A 21st century journey into the heart of darkness Story by Tarini Bauliya Page 12 • March 2010
Earth Odyssey • www.EarthOdysseyOnline.com
“…It’s Hell on Earth” a headline in the Seattle Times read, quoting a U.N. worker on the ground in Haiti after the catastrophic 7.0 quake, which laid waste to the poorest country in the world. Equally apocalyptic headlines plaster every major news source from print to the Internet: “…It’s the darkest day for Portau-Prince,” said Prime Minister Jean-Max Bellerive in another article. One hundred thousand are presumed dead as the count mounts body-by-body piled in mass graves by the literal truckloads while crude hospitals are set up in school yards. The wounded are lined up
on makeshift beds of cardboard and blue tarp as two-by-fours splint broken limbs and I.V.s dangle from tree branches like bird feeders. Survivors desperate for drinking water rip pipes from walls to siphon what little moisture remains in their galvanized veins. The headlines and images coming out of Haiti read like Cormac McCarthy’s novel “The Road” and not Sunday morning news, as I sift through the heartbreaking headlines and sip my warm Starbucks decaf Americano with cream. “Dance With Destiny” is a featurelength documentary film by Bruce Weaver due to be released later this year. Though the images from Haiti are devastating, they are not surprising to Weaver. His passionate first film is a journey into the heart of darkness that Weaver contends is the inevitable outcome of a planet out of balance and perilously close to a point of no return. The film is a personal journey of one man’s radical love of the Earth, of indigenous peoples, of all things wild and unindustrialized and an uncomfortable wake-up-call all at once. The horror playing out in Haiti is but a shrill “…cymbal crashing amidst a back story of global events playing like one of Beethoven’s turbulent symphonies,”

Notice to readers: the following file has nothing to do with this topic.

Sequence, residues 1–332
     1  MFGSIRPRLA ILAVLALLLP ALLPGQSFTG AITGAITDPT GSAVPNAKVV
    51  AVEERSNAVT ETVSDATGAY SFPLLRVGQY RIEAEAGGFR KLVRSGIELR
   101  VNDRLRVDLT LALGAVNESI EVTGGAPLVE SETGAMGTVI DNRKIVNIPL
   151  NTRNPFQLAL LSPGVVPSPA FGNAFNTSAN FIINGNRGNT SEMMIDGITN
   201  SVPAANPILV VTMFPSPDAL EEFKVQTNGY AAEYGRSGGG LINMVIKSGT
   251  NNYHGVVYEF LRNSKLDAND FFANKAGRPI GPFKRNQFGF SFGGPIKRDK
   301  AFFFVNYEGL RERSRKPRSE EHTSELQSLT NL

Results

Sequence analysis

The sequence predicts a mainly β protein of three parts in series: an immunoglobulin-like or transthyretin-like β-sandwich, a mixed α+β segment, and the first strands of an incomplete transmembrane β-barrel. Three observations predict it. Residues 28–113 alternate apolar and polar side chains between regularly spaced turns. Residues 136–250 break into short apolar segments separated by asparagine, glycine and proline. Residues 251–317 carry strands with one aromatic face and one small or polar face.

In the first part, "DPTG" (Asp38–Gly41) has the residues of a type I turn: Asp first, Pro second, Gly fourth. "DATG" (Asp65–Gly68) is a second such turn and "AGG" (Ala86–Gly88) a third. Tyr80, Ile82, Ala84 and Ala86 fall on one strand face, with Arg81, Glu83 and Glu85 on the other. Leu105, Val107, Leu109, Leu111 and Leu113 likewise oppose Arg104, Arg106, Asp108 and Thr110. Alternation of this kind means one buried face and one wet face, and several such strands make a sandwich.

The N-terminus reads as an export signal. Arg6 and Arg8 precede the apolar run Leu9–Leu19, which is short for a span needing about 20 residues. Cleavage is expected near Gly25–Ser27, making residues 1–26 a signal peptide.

Weaver said. He cited recent tsunamis in Indonesia, the levy break in New Orleans, the polar caps melting like ice cream on a sweltering summer day into an ocean presently being Hoovered of 90 percent of its species—the largest mass extinction since “The Great Dying” 241 million years ago when 96 percent of all marine life went extinct, along with 70 percent of terrestrial vertebrates. Conditions in Sudan make Dante’s “Inferno” read like a Nostradamus prophecy and the routine rape of the Earth’s precious rainforest bio-diversity closely resembles a psychotic serial rapist who holds their victim captive, and returns over and over again to satisfy an insatiable desire for more. Though none of these events surprise Weaver, given all he has studied on the topic of Earth-Changes and his travels of the globe, the heartbreak he feels is palpable throughout his film.
“…This is a great drama unfolding in front of our eyes, and it’s of mythic proportions,” Dr. John Todd
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Photo by Pia Wyer Bruce Weaver works on “Dance With Destiny,” a feature-length documentary ﬁlm due to be released later this year.
From the time Bruce was 8-years-old he has had a recurring dream filled with images of atomic plumes rising above the Earth, the barren landscape below stripped of green and blue and life (save a few unenviable survivors scavenging for food and water)—something like reruns of “Soylent Green” on late-night T.V. Disturbing images for anyone, let alone a young boy who had no business dreaming such dreams, but instead should be following his exuberant curiosity undisturbed lured like the Pied Piper for hours into the woods behind his rural Missouri home. The natural world held Bruce captive, not Hot Wheels® or G.I. Joe® as with other boys his age. Later in life, Bruce took the path that many young men without means do, that of joining the Air Force at the earliest possible age to explore the world beyond rural Missouri and begin his initiation into manhood. As fate would have it, he found himself
outfitted in full chemical-warfare gear, complete with gas mask, doing drills under the cover of darkness, loading nuclear warheads on F-4 nuclear fighter jets and B-52 bombers. It was then that Bruce’s apocalyptic dream images transformed into a terrifying reality: personally hand-holding hundreds of nuclear warheads, positioning them to execute their unholy mission as if loading UPS packages onto a truck for holiday deliveries. He repeatedly asked to be released from this duty and fulfill his commitment to his country in electronics or computer technologies. Finally, an accident that nearly severed a finger and his repeated requests to be repositioned landed him an early honorable discharge. This event at 20 years of age profoundly altered the course of his life and led him to the realization that human beings are engaged in a very real dance with destiny, increasingly divorced from and out-of-step with what should be an